Most people don't know the true extent of anti-poaching efforts that happen on a daily basis from within Kruger National Park's fences. From helicopter patrols, anti-poaching units buried deep in the bush, mobile radar units, new scanning systems that reference people to their cars and to their travel itineraries across the park. But one of the most successful has to be the K9 unit.
A mix of canine and chemistry creates impeccably bred hounds designed to track, sniff and in earlier cases subdue. The K9 unit is a use case for when science and an insurmountable respect for animal life merge; and with rhino poaching averaging around 3 a day within a population of less than 25, 000 (black and southern white rhino), these efforts may be the only ones extending this generation's chances to connect to these incredible creatures.
This past weekend I was one of the privileged few who were allowed into Johan de Beer's K9 Unit Centre, the central command for anti-poaching K9 activity for Kruger National Park and the place where dogs from across the park come for their own bit of R&R as well needed respite from the 24 hour, round-the-clock duties they perform in lieu of the conservation efforts.
When we arrived we were quickly reminded of how incredible these pups are, as during a poaching incident 3 days prior to our arrival, a bloodhound picked up the tracks of the poachers, with rangers and choppers following steadily behind. But as they moved through the bush, in the direction of the where the tracks were heading, the dog about-turned and headed back on the tracks in the opposite direction to where they were heading. Rangers thought that this pup might have taken the wrong kind of pellets in morning, but as it turns out the poachers back tracked in order to throw off the hunting rangers and stave off the party, but the dogs picked it up, which lead to a successful arrest.
Some of these guys, like the bloodhounds, can pick up a cold track 20 hours after it has been left by poachers.
The dogs are active everyday (because the poachers are) with around 80% success rate of anti-poaching efforts attributable to them - and the sounds of the helicopters attest to this as they whirl overhead all day. Thus the the K9 unit centre provides much needed rest and fun for the pups; a bit of spa-esque rejuvenation to keep their spirits high.
Our party of around 15 people were put up in immaculate accommodation in the camp and attended to the duties that give Johan, his partner Mandi and the park rangers who do these tasks otherwise a bit of extra hands and also allow them some well-needed breathing room from the dailies.
From around 6am we were up and feeding, cleaning, playing and moving them from their night kennels to their day pens. After the morning activities, we proceeded to do duties around the camp or elsewhere as required - from building fire-pits, to filling holes to netting shade around kennel enclosures. After we were finished (at around 2 - 3pm) we got to do what we liked, but on the last night, Johan took us for sundowners at a dam, which was flush with around 100 hippos and nearly the same amount of crocs, listening to the grunts of these beasts and observing the opulent bird activity as we enjoyed our last few hours of daylight whilst celerating our achievements that day.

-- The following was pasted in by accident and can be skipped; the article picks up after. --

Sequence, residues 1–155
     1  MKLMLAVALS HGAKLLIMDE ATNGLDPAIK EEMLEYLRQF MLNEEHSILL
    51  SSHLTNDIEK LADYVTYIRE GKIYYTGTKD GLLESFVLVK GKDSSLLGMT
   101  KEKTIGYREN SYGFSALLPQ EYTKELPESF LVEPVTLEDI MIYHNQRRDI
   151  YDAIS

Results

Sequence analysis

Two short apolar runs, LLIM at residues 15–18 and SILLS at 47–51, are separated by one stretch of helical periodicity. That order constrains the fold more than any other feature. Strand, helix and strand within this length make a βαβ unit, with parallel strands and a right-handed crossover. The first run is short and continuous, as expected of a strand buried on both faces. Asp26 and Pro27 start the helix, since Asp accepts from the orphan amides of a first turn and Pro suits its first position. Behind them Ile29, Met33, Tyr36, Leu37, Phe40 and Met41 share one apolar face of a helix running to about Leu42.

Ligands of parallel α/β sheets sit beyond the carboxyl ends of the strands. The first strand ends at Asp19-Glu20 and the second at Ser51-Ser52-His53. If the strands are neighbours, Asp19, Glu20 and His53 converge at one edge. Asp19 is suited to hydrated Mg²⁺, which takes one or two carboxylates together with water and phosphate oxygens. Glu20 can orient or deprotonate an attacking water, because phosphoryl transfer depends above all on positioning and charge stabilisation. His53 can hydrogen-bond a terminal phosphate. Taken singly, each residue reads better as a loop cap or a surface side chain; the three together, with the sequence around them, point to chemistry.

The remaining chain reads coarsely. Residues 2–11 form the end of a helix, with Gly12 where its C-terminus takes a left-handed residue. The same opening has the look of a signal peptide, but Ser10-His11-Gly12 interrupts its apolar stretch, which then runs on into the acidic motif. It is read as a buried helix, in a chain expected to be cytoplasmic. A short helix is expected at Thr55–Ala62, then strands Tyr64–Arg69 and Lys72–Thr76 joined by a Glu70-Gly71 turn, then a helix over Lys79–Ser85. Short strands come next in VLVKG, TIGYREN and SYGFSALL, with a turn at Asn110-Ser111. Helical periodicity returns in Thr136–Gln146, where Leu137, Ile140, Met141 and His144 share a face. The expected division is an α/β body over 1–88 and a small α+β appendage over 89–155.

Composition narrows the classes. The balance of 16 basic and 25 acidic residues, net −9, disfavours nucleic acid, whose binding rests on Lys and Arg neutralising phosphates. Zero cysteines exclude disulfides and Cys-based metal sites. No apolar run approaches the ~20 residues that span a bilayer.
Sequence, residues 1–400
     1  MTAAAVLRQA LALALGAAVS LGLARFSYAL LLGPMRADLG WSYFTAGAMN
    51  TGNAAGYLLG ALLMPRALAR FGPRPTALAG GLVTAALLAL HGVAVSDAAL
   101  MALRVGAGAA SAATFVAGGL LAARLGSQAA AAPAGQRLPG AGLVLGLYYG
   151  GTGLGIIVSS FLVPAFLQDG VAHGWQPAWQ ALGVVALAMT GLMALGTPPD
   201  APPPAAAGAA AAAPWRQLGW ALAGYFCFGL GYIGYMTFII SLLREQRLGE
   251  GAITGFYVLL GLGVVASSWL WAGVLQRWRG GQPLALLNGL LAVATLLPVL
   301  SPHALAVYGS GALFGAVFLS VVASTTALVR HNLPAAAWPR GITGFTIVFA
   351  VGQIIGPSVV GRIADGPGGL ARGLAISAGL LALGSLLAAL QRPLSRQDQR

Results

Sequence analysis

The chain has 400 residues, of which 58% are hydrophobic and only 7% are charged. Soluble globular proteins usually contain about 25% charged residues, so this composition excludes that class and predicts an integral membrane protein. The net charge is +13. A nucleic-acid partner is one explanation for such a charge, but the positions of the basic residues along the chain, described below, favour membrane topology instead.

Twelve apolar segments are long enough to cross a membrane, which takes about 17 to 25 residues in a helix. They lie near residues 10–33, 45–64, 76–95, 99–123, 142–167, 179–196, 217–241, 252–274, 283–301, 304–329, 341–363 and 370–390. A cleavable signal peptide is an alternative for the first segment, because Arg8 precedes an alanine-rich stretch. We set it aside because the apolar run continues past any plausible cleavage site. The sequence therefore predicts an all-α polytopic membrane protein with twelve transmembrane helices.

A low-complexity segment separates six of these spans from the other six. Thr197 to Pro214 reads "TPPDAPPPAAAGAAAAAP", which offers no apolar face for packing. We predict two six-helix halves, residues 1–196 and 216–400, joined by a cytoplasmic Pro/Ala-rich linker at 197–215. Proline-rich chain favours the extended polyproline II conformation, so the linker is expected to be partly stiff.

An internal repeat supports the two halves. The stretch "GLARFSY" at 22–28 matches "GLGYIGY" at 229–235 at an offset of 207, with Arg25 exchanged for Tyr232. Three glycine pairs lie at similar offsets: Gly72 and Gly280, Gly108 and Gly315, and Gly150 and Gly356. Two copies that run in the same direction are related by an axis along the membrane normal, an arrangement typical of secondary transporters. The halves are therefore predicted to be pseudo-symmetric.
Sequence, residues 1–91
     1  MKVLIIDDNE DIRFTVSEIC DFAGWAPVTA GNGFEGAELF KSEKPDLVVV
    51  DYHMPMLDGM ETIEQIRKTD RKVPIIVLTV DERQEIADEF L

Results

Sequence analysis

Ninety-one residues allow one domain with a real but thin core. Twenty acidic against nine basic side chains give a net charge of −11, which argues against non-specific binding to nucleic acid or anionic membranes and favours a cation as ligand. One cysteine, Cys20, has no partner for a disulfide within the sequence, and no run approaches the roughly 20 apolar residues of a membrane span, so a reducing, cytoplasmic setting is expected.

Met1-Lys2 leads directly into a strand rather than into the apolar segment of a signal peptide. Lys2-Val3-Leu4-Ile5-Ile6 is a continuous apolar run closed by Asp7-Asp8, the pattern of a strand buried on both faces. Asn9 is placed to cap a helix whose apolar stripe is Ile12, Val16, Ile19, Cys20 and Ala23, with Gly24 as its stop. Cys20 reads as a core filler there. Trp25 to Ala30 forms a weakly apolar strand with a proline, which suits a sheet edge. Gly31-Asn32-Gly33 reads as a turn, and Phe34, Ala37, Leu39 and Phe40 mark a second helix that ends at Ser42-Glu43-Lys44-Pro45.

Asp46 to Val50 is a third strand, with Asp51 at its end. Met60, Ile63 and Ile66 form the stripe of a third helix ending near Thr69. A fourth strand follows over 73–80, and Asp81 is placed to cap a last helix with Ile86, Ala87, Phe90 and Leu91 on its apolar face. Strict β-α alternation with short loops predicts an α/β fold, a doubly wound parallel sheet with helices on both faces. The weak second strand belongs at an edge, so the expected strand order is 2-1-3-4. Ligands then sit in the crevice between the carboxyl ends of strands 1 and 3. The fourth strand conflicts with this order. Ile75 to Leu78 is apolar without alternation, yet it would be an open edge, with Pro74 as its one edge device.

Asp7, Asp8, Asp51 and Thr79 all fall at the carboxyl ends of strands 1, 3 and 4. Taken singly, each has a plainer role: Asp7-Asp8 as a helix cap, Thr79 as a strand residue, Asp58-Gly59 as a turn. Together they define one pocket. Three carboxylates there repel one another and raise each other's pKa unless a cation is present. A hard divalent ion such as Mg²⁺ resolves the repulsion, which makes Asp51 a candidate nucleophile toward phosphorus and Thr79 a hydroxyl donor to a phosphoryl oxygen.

But besides all the merriment, the truth is that these guys need your help. With the political climate being as sad as Donald Trump's fake news, money dries up faster than you can say tenderpreneur, and the gravity of the situation and the impetus to do anything honourable from our public sector outside of the Cape Town's monthly parliamentary meetings is left horribly wanting.
In short, they need your help. Whether it be time, money, or just spreading pieces of information like this one across your social networks, the drive to assist in saving rhinos and other endangered wildlife species lies firmly with all of us, and not just these incredible few who surrender the capitalists dream of a flush bank account to live in the hollows of the bush fighting with a world the world that seems to care less and less.
As Mandi said to me, "In the beginning we thought we might not need marketing, but we quickly realised that we really, really do".
So, if you're interested in donating your time or money to this incredible cause, join the SANParks Honorary Rangers (drop a comment if you need any more info and I'll be happy to respond), or donate to the K9 unit by clicking here, every cent counts, and join the Facebook Group KNP Ranger Dogs by clicking here.
A big thank you to our hosts Johan and Mandi and SANParks Johannesburg region Honorary Rangers for an awe-inspiring and eye-opening weekend.